Free Library in the News: March 30- April 2, 2015

By Samantha M. RSS Thu, April 2, 2015

Art: Fraktur: The colorful legacy of Pennsylvania Germans
Right now, fraktur is getting major exposure, with shows at the Free Library of Philadelphia, Winterthur Museum, and the Philadelphia Museum of Art. It is joyous, sometimes whimsical, sometimes visionary, frequently funny. Though it was named more than a century ago for the "broken" style of lettering it uses (Fraktur, in German), its imagery and overall visual design are the reasons to look at it, especially if you don't read German and aren't interested in Pennsylvania genealogy.


Poetry takes center stage in April
Features Author Event of Judith Miller (will appear 4/15)


#PhillyFive Things to Do: March 30, 2015
For a talk: Chief of the Division of Infectious Diseases and Director of the Vaccine Education Center at the Children’s Hospital of Philadelphia, Paul Offit comes to the Free Library of Philadelphia’s Central Branch (1901 Vine St.) to discuss his new book “Bad Faith: When Religious Belief Undermines Modern Medicine” at 7:30 p.m.


Germantown’s Coleman Library looks forward to leaky roof repairs
After two weeks, the roof leaks that forced the Northwest Regional Library's prized wooden dragon to be covered head-to-tail in plastic will be patched this week, possibly as soon as today. Staffers at the Germantown-based branch couldn't be happier. "It's a local tradition and something people expect to see," said Antoinette Hoagland, Northwest Area Administrator for the Free Library of Philadelphia. "The staff has told the children that Ricky is wearing a raincoat."

Spring Guide: West Philly professor Asali Solomon discusses her new novel, ‘Disgruntled’
Interview with this Philly native professor/writer who appeared at Oak Lane Library on 4/1


Building Bridges with Books initiative
Video clip


Honors & Other Things
Frances Aulston is the founder and executive director of the West Philadelphia Cultural Alliance (WPCA). A seasoned community leader and activist and former research librarian for the Free Library of Philadelphia, Ms. Aulston founded WPCA in 1984 with the assistance of several local artists. The mission of WPCA is to stimulate public interest, understanding and support for the arts in the Greater Philadelphia area. Under her leadership, WPCA is a respected cultural and community organization in Philadelphia.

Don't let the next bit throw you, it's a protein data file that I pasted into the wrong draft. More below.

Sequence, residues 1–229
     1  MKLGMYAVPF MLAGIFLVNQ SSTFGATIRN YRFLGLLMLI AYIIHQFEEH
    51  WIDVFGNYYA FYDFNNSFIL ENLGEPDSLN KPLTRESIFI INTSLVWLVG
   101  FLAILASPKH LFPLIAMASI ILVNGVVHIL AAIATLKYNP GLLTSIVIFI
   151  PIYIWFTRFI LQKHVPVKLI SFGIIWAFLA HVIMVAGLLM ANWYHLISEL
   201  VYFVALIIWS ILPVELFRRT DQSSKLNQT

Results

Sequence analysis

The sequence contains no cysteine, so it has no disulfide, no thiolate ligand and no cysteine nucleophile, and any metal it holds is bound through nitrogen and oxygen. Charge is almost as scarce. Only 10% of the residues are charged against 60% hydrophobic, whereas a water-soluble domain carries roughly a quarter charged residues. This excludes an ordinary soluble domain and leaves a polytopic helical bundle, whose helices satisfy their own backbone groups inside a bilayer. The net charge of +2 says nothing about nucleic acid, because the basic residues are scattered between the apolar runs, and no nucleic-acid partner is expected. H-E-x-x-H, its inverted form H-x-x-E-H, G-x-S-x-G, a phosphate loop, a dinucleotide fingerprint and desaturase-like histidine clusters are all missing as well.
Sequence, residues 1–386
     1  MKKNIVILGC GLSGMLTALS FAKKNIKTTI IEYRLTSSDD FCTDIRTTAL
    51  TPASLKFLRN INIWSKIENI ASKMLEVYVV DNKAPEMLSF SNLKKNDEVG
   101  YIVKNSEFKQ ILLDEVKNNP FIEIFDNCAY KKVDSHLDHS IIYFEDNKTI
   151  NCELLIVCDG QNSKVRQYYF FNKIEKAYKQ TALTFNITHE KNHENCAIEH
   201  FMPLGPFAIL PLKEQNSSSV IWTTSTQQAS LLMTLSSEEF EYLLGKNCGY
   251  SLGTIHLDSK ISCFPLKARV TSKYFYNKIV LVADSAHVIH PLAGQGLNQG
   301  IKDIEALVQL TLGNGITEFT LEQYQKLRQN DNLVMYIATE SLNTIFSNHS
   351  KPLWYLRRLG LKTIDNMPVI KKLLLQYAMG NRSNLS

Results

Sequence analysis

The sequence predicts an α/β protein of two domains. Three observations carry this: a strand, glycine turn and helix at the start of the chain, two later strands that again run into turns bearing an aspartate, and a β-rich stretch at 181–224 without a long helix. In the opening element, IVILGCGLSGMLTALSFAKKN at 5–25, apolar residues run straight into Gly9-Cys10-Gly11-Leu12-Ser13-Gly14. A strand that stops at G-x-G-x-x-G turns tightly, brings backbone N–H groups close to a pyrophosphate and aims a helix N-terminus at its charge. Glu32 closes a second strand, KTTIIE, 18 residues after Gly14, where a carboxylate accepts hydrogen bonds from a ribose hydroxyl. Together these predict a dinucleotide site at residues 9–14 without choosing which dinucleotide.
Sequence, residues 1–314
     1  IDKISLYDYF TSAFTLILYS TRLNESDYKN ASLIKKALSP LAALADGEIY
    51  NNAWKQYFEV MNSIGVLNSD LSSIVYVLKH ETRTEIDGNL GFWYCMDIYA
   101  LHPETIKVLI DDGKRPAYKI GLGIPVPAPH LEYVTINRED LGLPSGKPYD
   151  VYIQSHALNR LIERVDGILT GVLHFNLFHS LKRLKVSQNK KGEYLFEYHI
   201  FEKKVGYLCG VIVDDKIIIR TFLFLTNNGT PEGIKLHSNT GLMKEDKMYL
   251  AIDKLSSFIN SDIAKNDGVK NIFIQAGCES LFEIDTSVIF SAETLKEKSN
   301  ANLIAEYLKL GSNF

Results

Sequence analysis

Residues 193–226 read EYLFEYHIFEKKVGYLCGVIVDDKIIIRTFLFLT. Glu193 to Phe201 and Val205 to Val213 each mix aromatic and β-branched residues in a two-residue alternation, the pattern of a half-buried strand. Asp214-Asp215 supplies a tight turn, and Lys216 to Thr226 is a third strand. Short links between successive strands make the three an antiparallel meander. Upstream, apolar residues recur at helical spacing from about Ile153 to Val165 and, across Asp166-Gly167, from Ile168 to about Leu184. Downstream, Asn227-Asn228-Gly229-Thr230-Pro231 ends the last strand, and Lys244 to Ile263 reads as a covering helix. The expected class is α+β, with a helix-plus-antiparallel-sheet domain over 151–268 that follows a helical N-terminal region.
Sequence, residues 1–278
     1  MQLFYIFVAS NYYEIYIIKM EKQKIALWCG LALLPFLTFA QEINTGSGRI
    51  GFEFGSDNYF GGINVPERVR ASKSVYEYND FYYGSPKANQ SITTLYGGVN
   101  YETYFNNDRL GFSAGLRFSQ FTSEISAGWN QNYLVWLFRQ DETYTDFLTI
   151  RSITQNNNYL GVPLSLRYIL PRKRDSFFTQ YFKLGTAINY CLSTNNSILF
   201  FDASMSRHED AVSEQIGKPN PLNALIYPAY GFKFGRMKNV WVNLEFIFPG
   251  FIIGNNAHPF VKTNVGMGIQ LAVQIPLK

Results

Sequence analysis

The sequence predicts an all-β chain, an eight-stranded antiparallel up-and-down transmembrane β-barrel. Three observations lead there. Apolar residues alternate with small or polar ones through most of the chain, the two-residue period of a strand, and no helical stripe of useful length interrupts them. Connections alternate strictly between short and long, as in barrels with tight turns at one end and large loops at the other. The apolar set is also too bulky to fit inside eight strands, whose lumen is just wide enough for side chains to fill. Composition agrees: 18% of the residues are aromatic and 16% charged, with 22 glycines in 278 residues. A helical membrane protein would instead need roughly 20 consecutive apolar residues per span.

District receives $1.5 million grant for innovations in early literacy
The Philadelphia School District and the Free Library have received a $1.5 million federal grant for a program called "Building Bridges with Books" that will benefit students from 10 elementary schools. The program is designed to "build bridges" between families and schools through early literacy activities, including monthly parent training sessions on the importance of reading and talking to children and regular visits to the library.


Calendar: April 1-8
Features Author Events with Frank Bruni (4/1), T.C. Boyle (4/2), and Philip Glass (4/7).


Frank Bruni’s “Where You Go Is Not Who You’ll Be: An Antidote to the College Admissions Mania”
WHYY’s RadioTimes
New York Times
columnist FRANK BRUNI frequently tackles higher education issues in his pieces, including the fraught and stressful college application process. In this hour of Radio Times, Bruni joins us to discuss his new book Where You Go Is Not Who You’ll Be: An Antidote to the College Admissions Mania. (appeared 4/1)


A Conversation with novelist Francine Prose
WHYY’s RadioTimes
FRANCINE PROSE’s new novel, Lovers at the Chameleon Club, Paris 1932, is set in Paris and Berlin in the years leading up to WWII. (appeared 5/2014)


Pasta perfection: A chat with Marc Vetri
Marc Vetri, chef owner of Vetri, Osteria, Amis, Alla Spina, Pizzeria Vetri, and Lo Spiedo, recently was nominated for a James Beard award for best chef in the country. He recently discussed his new book Mastering Pasta (Ten Speed Press) at the Free Library of Philadelphia.


7Days: Regional arts and entertainment
The American way One of our most inventive writers, T.C. Boyle is known for his explorations of history in novels such as World's End. His new book, The Harder They Come, looks at contemporary gun culture and paranoid politics in the conflict between a California father and son. (appeared 4/2)


Council considers conditions of Phila.’s police, fire stations
The hearings will continue Tuesday, when Council will consider budgets for the mayor's office, the Free Library of Philadelphia and the Department of Parks and Recreation, among others. Mayor Nutter has proposed a $3.95 billion budget for the fiscal year beginning July 1.

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